9. Ghastly Images Flow From Shattered Syrian City By ROD NORDLAND Published: February 22, 2012 CAIRO — During a terrifying two minutes on Wednesday morning, 11 rockets slammed into a single apartment building in the Baba Amr neighborhood of Homs, the city in Syria that has been besieged by government forces for 19 days. When the barrage stopped, the surviving occupants stampeded down the building’s narrow concrete staircase, hoping to escape to the street. Then suddenly the bombardment resumed. More rockets splattered masonry and scattered shrapnel, blowing holes in walls and staircases, and leaving a trail of the dead and the dying from the fifth floor on down. At least 22 bodies, including that of 6-year-old Mohammad Yahia al-Wees, were recovered from the scene, according to accounts and videos compiled by activists. And on the stairwell of the ground floor, 10 yards from the door and possible safety, amid the rubble, lay two foreign journalists, Marie Colvin, a veteran war correspondent, and Rémi Ochlik, a noted photojournalist. Both had been killed. They were among the few outsiders able to reach Homs, taking great personal risks and defying a government determined to hide its repression from the world. In the end, they died trying to reveal what was happening there. As hundreds of homemade videos pouring out of Homs have made clear, the bombardment of the apartment building was just one episode in the Syrian Army’s daily and sustained assault on the city. Heavy weaponry has been used to devastating effect against civilian neighborhoods that have virtually no defense, beyond a few army defectors and lightly armed activists. One video distributed Wednesday shows a group of men laid out on blankets, their grisly wounds as visible as the anguish on the faces of onlookers. Another captures doctors lamenting their lack of supplies as they treat the wounded. Buildings are so pockmarked that they seem to be on the verge of collapse. The scenes are accompanied by eerie audio with cries of despair, explosions and activists’ commentary about the scenes before them. “This is the first YouTube war,” said Rami Jarrah, co-director of the Activists News Association, a Cairo-based group that collects information from inside Syria and distributes it. Ms. Colvin’s last article, published in The Sunday Times of London just days before her death, began by describing what the rebels called “a widows’ basement,” a cramped room under a factory where women and children huddled while the men went out to forage or fight — and often did not return. “The scale of human tragedy in the city is immense,” Ms. Colvin wrote. “The inhabitants are living in terror. Almost every family seems to have suffered the death or injury of a loved one.” Activists inside Syria described how the wounded had fewer places to go. Al Hikma Hospital was destroyed by shelling in the first days of the government siege of Homs, said Sami Ibrahim of the Syrian Network of Human Rights, contacted by Skype from Homs. Two field clinics hidden in homes were destroyed as well, he said. With everyday life suspended, schools and businesses were said to be closed, and water and electricity were off more than on. People rarely ventured out unless absolutely necessary, activists said, and the bombardment made it too dangerous to hunt thoroughly for the dead. The deaths of the foreign journalists became yet another subject of videotaped missives to the world. “This is the American journalist Marie Colvin and this is the French journalist Rémi Ochlik,” said Khaled Abu Salah, the spokesman for the Revolution Leadership Council of Homs, as he addressed a cellphone camera while pointing at their bodies. Three days earlier, Ms. Colvin had quoted Mr. Salah in an article in her newspaper. Now, he had turned citizen journalist and was reporting her death. Within an hour, his video report would be posted on YouTube, and then picked up by networks around the world. “They were killed because of the random shelling of the Baba Amr neighborhood,” Mr. Salah said, angrily shaking the forefinger of his one good hand at the camera; his other hand, wounded by shrapnel, was bandaged. “This is a call for rescue to save the remaining residents while they are still alive.” He finished in 51 seconds, and then fled, lest the bombardment resume. The crackdown by the government of President Bashar al-Assad has succeeded in keeping most foreign journalists out of Syria since protests began last March 15, but a raw version of events is still finding its way out. The United Nations said it had documented 5,400 deaths as of January, when it was no longer able to safely gather information. Unofficial tallies indicate that hundreds more have died in Homs over the past three weeks. While unconfirmed, the activists’ accounts are often the only window into events inside Syria. “Bashar al-Assad shut off the Internet and cut us off from the world,” said Abu Jaffar, a Homs activist, who helped dig out bodies from the apartment building, and then and posted the results. “So he has made every Syrian into a journalist.” Mr. Jaffar and several of his fellow activists were interviewed by means of Skype, over a computer they powered with a car battery, using a portable Inmarsat satellite transmitter set up to provide a WiFi hotspot in the corner of the city where they were hiding. Activists said they were raising money overseas to pay for the transmitters and the satellite time. The apartment building where Ms. Colvin died was targeted, Mr. Jaffar and other activists asserted, because it housed the activists’ media center. The satellite transmitters on the roof had probably been spotted by Syrian reconnaissance aircraft, they said. The dead were found in and around that center, and the activists were uploading videos of every body and disseminating details about the victims. In Cairo, the Activists News Association said that according to unconfirmed reports, 60 bodies had been found in the building by late Wednesday. Many wounded people were taken to a clandestine clinic, they said. The day before, the association documented 104 deaths around Syria, at least 46 of them in Homs, mostly in that one neighborhood. “That was a bad day,” said Mr. Jarrah, the association’s co-director. “But there have been worse days.” The group is one of several helping Syria’s volunteer journalists get the word out, organizing their video postings, compiling videos of the dead and spreading that information by Twitter and Facebook, but also to mainstream journalists. Mr. Jarrah estimated that 80 percent of the videos of violence inside Syria that were broadcast on mainstream news organizations like Al Jazeera and the BBC originated from amateur videographers. The result has been a stunningly vivid picture, delivered sometimes on live feeds or at least in real time, of life inside Homs, which has emerged as the fractured epicenter of the uprising against the government. Since Feb. 4, government forces have fired shells daily at three Sunni Arab neighborhoods, particularly Baba Amr. By Wednesday, videographers were showing images of armored personnel carriers on the edge of the city, and they were warning that a ground invasion was likely to follow the rocket and artillery barrages of recent weeks. Ms. Colvin, 56, a decorated correspondent who wore an eye patch after being hit by shrapnel in 2001 in Sri Lanka, and Mr. Ochlik, 28, a French freelancer who won a World Press Photo award for his work in Libya last year, were not the first journalists to die covering the carnage in Homs. Only the day before, a well-known Homs-based video blogger, Rami al-Sayyed, was killed, and his body, apparently riddled by shrapnel, was displayed in posted quickly online, with friends kissing his face fervently to show their respect. Since November, four other foreign journalists have died covering Homs. Less than a week ago, a New York Times correspondent, Anthony Shadid, died, apparently from an asthma attack, while on a clandestine trip inside northern Syria. All those documenting the conflict face risks. “On calls with Rami I often heard shells whizzing by,” said Shakeeb al-Jabri, writing on the Syrian activists’ Web site Al Ayyam. On Tuesday, Mr. Sayyed had a live feed running of the shelling of Homs, then in its 18th straight day. At 11 a.m., it suddenly went dead. Later, videos of Mr. Sayyed’s body were , too. By Wednesday, 104 YouTube videos of deaths from Tuesday’s violence had been posted, their links cataloged by Mr. Jarrah’s activists. Many of the more telling ones were quickly rebroadcast on satellite television networks, including images of a who crawled over to his son on the floor of a makeshift clinic, hugging him and crying, “Why did they kill you?” And then he turns to the camera and says, “Oh humans, oh world, look, what could he have done?” Mr. Ibrahim said that activists had the names of 22 people killed in and around the media center on Wednesday, and were filming videos of those whose bodies had been recovered, but they feared many more were still in the rubble of the five-story building. “It is too dangerous now,” he said. “If you want to lose your life just try to go there.” Some of the videos from Homs are too painful or graphic to watch, like one from the city’s National Hospital, where activists came across a victim bearing evidence of torture. On his body, written in Arabic with a marker pen, is “Anonymous, Number 348.” The narrator reads that and adds, “This means there are at least 348 anonymous persons in the hospital.” Numerous citizen videos made at the remaining field clinic in Baba Amr show the two doctors delivering a running commentary about their victims, and particularly the lack of medical supplies. “She needs to be transported to a hospital immediately,” says one, identified only as Dr. Ali. He points to the makeshift cast on his patient’s leg, which is in traction with a water bottle and string as the counterweight. “This was done in a primitive way, but it was all we had.” By Thursday, the road Ms. Colvin and Mr. Ochlik had used to reach Homs had been closed off by the Syrian Army, Omar Shakir, an activist, said from Homs. “There is no way to transfer their bodies,” he said. “We don’t have morgues to keep the bodies, or ice, no electricity. After 24 hours, we will be obliged to bury them in Homs.” Mayy El Sheikh contributed reporting from Cairo, and Hwaida Saad from Beirut, Lebanon. A version of this article appeared in print on February 23, 2012, on page A1 of the New York edition with the headline: Ghastly Images Flow From Shattered Syrian City.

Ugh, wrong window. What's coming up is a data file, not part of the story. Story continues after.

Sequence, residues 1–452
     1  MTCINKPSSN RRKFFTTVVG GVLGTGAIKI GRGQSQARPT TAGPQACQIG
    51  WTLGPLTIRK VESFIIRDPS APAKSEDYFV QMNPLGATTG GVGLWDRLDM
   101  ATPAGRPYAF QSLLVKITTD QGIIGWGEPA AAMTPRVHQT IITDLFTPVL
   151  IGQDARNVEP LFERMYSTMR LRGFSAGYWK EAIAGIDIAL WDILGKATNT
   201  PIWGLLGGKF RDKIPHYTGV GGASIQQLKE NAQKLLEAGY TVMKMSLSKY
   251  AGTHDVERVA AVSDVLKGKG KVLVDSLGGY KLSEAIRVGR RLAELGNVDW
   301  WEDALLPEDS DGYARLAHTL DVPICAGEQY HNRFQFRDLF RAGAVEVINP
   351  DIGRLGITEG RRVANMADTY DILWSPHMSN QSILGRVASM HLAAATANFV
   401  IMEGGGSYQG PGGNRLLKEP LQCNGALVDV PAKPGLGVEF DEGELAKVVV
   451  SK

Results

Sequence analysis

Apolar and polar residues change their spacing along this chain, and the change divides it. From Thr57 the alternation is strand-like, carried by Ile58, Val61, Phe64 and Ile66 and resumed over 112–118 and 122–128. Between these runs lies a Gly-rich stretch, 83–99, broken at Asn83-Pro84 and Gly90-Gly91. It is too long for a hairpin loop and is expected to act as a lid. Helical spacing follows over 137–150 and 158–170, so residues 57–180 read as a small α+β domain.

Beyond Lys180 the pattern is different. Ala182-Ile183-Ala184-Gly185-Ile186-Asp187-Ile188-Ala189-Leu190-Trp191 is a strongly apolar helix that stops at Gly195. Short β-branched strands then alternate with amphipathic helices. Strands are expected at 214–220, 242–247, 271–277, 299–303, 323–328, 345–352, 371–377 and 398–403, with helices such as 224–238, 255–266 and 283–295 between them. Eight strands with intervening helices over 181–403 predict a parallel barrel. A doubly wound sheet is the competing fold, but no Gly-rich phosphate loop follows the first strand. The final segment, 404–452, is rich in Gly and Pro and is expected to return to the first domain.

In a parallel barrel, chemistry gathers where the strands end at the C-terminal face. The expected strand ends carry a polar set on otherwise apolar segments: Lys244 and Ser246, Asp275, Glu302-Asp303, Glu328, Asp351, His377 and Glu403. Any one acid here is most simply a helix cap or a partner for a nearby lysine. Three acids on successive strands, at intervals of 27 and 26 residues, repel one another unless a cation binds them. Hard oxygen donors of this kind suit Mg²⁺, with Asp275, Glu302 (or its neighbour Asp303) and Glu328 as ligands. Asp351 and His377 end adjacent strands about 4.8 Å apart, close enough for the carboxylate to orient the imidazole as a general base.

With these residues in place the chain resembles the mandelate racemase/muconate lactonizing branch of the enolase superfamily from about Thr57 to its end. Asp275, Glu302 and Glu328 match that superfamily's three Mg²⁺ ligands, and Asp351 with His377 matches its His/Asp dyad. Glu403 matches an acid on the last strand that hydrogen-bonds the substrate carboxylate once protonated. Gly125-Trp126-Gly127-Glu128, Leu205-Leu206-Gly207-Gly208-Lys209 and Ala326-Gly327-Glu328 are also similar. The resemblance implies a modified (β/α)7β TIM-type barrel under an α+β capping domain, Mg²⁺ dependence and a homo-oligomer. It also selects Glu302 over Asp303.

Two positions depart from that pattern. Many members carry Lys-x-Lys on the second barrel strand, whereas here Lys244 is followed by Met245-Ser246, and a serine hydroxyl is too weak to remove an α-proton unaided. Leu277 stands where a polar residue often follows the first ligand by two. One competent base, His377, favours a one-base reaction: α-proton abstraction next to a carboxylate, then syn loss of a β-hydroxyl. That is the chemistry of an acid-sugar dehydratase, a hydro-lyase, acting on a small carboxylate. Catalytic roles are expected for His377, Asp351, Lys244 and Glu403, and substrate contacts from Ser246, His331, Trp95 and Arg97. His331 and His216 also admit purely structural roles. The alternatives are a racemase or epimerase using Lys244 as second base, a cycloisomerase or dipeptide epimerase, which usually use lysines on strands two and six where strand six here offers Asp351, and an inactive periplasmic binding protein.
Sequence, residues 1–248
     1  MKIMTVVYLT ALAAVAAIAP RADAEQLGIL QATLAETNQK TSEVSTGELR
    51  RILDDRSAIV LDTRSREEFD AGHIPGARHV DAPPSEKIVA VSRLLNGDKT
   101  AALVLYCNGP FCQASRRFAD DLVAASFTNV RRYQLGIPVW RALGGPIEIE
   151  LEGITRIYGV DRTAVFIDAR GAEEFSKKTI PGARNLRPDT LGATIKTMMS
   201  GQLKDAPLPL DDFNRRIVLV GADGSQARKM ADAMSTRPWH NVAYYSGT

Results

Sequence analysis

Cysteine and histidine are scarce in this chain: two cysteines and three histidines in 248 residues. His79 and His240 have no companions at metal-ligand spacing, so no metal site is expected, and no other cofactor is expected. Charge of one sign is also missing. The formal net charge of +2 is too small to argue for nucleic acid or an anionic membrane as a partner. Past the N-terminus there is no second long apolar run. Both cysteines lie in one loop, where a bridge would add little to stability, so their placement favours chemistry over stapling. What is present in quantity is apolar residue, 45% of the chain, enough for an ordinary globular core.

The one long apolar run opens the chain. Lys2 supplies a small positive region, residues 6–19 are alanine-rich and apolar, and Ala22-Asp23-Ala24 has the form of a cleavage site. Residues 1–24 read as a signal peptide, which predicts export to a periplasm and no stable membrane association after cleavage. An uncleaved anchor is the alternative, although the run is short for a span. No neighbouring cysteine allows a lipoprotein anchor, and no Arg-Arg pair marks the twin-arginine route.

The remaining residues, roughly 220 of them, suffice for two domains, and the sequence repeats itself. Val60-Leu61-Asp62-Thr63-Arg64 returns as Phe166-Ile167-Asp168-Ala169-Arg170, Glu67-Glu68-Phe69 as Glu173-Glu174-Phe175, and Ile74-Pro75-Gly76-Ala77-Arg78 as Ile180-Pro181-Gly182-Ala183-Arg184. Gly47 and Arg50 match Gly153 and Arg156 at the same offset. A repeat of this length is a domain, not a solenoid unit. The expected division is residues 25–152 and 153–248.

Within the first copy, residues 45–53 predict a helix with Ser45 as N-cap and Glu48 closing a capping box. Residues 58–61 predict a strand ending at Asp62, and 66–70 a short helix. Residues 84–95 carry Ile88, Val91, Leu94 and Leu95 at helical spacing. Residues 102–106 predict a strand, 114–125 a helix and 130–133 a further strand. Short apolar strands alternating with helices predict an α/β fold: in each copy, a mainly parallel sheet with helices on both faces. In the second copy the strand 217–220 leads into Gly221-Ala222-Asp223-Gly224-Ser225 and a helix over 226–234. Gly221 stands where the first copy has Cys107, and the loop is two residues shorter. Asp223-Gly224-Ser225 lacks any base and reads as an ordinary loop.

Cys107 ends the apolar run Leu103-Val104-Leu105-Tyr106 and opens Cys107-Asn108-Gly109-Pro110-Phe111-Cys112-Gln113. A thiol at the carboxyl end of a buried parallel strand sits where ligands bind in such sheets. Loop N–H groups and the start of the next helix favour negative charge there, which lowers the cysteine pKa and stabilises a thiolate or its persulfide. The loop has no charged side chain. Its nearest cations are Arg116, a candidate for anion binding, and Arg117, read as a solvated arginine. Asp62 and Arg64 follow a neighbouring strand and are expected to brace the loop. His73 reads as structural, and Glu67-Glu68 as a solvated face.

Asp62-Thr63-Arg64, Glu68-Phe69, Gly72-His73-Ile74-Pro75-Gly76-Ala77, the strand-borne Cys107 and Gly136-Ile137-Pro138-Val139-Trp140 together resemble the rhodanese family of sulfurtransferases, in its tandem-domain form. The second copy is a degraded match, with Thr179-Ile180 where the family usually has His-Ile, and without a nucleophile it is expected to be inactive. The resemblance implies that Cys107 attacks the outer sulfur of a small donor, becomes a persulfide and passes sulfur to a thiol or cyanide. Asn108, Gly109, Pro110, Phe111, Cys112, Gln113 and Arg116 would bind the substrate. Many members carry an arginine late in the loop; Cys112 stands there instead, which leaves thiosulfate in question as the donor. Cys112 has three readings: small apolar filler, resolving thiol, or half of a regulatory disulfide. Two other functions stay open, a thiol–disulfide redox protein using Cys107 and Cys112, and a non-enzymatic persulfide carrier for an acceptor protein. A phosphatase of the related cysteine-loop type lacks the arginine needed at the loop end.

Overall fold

10. Western press, what are you talking about. Are you trying to say these pirates are being victimized by bad press. The laws against piracy are international. Stop making excuses for the criminals.
  11. Well, I surmise everyone agrees, that is real progress.
  12. Sister it is not a conspiricy, everyone is upfront about it. Join me in a chant. Dump pressTV! Dunp PressTV! Dunp PressTV! Dump PressTV!
×
×
  • Create New...